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Passed on or Learned

So Jesus answered them, “I tell you the truth: the Son can do nothing on his own; he does only what he sees his Father doing. What the Father does, the Son also does. For the Father loves the Son and shows him all that he himself is doing. He will show him even greater things to do than this, and you will all be amazed.” ‭‭John‬ ‭5‬:‭19‬-‭20‬ ‭



Reading this, I know that just as Jesus looked to the Father for what He did so I am to look to His example and the Father for my instructions. Holy Spirit lives within me and can guide me in all things of the Lord. Today though, my mind went to how the supplies in the natural. Possibly because I've had a few conversations this week about genetics versus environment.

I do believe that our body holds on to trauma. That trauma can be passed through our DNA. It has been showing that while DNA is not altered it can be activated or deactivated by traumatic events. The information is emerging but epigenetics is a fast growing field of study.


However, I also believe that many behaviors are learned. This scripture goes to show that Jesus only did what He saw the Father do. Children do what they see their parents or others in their environment do. Could there be a genetic component? Yes, but that can be harder to separate out because we are in our environment and learning from it constantly.

Some responses from children are a mirror image of an adult they see behaving in a particular way. For example, a parent throws a fit of anger and the child throws a fit of anger. A parent says something, that is soon repeated by a toddler who doesn't know the meaning of it.

As parents most of us have probably experienced a child repeating what we have said, often in the most inopportune time. Like when my daughter was about ten and visited me at work. She stood in my boss's door and said "Mom she seems nice. She isn't a ****." Unfortunately she was only repeating what I said. Although her comment was innocent, she was old enough to know what that word meant. I couldn't play off the word as a accident, she was mirroring what she heard. Lesson learned!


Other times, children respond to their environment as a way of self-protection. It doesn't have to be an abusive environment for this to happen. A parent might want to see their child try harder, but the child internalizes comments and feels perfection is the only way to get approval. The parent could have said something very innocent like "This report card looks great! What can you do to get this C to a B next time?" The child may only hear "You should have at least a B." If a C really was the child's best effort, the child may feel inadequate. The child may begin to push themselves beyond what is healthy to get the expected B. They may develop an internal dialogue of "In order to be okay, I have to push myself to meet others expectations." This message grows every time a similar message is heard that causes them to feel rejected or not good enough. This creates an unhealth pattern of behavior.


People develop from an early age an internal dialogue to make sense of the world around them. They also develop coping skills at an early age to try to protect themselves and other people that they love. These messages and coping skills often get reinforced, even through there is no validity to message behind them.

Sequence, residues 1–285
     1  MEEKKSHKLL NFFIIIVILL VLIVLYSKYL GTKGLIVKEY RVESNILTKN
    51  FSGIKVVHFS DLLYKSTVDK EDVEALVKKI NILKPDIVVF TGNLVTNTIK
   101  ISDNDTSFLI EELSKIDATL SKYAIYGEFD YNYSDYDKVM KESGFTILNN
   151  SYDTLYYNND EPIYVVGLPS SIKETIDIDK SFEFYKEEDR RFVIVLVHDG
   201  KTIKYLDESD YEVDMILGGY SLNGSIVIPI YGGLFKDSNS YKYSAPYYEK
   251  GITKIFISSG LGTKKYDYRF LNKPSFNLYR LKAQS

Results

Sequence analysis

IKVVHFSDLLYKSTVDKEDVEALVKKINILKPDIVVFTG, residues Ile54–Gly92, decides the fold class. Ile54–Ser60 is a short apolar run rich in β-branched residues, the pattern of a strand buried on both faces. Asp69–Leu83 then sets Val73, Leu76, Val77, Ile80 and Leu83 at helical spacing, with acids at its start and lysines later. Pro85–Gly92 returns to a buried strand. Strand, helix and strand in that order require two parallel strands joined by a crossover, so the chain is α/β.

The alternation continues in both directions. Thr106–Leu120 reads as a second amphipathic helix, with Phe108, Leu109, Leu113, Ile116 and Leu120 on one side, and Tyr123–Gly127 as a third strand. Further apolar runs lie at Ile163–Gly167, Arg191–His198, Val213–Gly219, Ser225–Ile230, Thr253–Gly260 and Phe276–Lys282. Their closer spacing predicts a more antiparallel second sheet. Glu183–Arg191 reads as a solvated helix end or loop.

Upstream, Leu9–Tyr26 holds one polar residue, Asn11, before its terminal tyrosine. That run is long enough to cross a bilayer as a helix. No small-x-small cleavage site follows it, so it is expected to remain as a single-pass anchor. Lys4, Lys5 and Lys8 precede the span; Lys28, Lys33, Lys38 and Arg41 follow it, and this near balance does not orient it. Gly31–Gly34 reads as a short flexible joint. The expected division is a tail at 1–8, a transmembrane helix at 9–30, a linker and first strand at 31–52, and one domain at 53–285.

For example, many people experience problems with sleep. They explore the root, it can often come from childhood and the messages of self protection. It can be a traumatic event, but it doesn't have to be. I often give the example of a child living with the alcoholic. They may feel they have to stay awake until the parent of the drinks gets home safely. They may also feel the need to make sure that the other parent, their siblings, or themselves are safe if the alcoholic parent has a temper. It could also be just a parent working at a night shift and a child wanting to get a kiss goodnight.


The problem for both of these situations is that we take this childhood habit developed as a response of our environment and we carry it throughout our lifetime. Even after our environment changes, if we don't examine the behavior, it may continue even though we want to sleep through the night. That internal dialogue still plays on auto repeat.


The behavior might even be reinforced unknowingly when the working parent gets home with a snack, story, snuggle or special one on one time. None of this is bad in and of itself. It does reinforces the insomnia. It also can be reinforced with negative patterns if a parent is abused and the child needs to step in to protect the other parent, sibling or self. It reinforces what the child learns from their environment I want to or must stay awake."


When we bring God into the picture and let Him reveal to us the things we learned from our environment, we can see what no longer serves us. We can look to Him as our example as we relearn a different way to respond. He can show us greater things. He brings healing to the areas where we have been stuck for years or even decades. We will be amazed at the healing that He can bring when we look to Him.


Lord, thank You for being an example that I can learn from. As I watch and imitate You, I see amazing things. Thank you for those things You are revealing to me that I have picked up that are not from You. Thank You for showing me I don't have to keep responding in the same way or following someone else's example. I don't have to be bound by generational trauma that is active in my DNA because I am a new creation in Christ. Help me to walk in the healing power of Christ and help me to teach others to do the same. In Christ holy name I pray. Amen.

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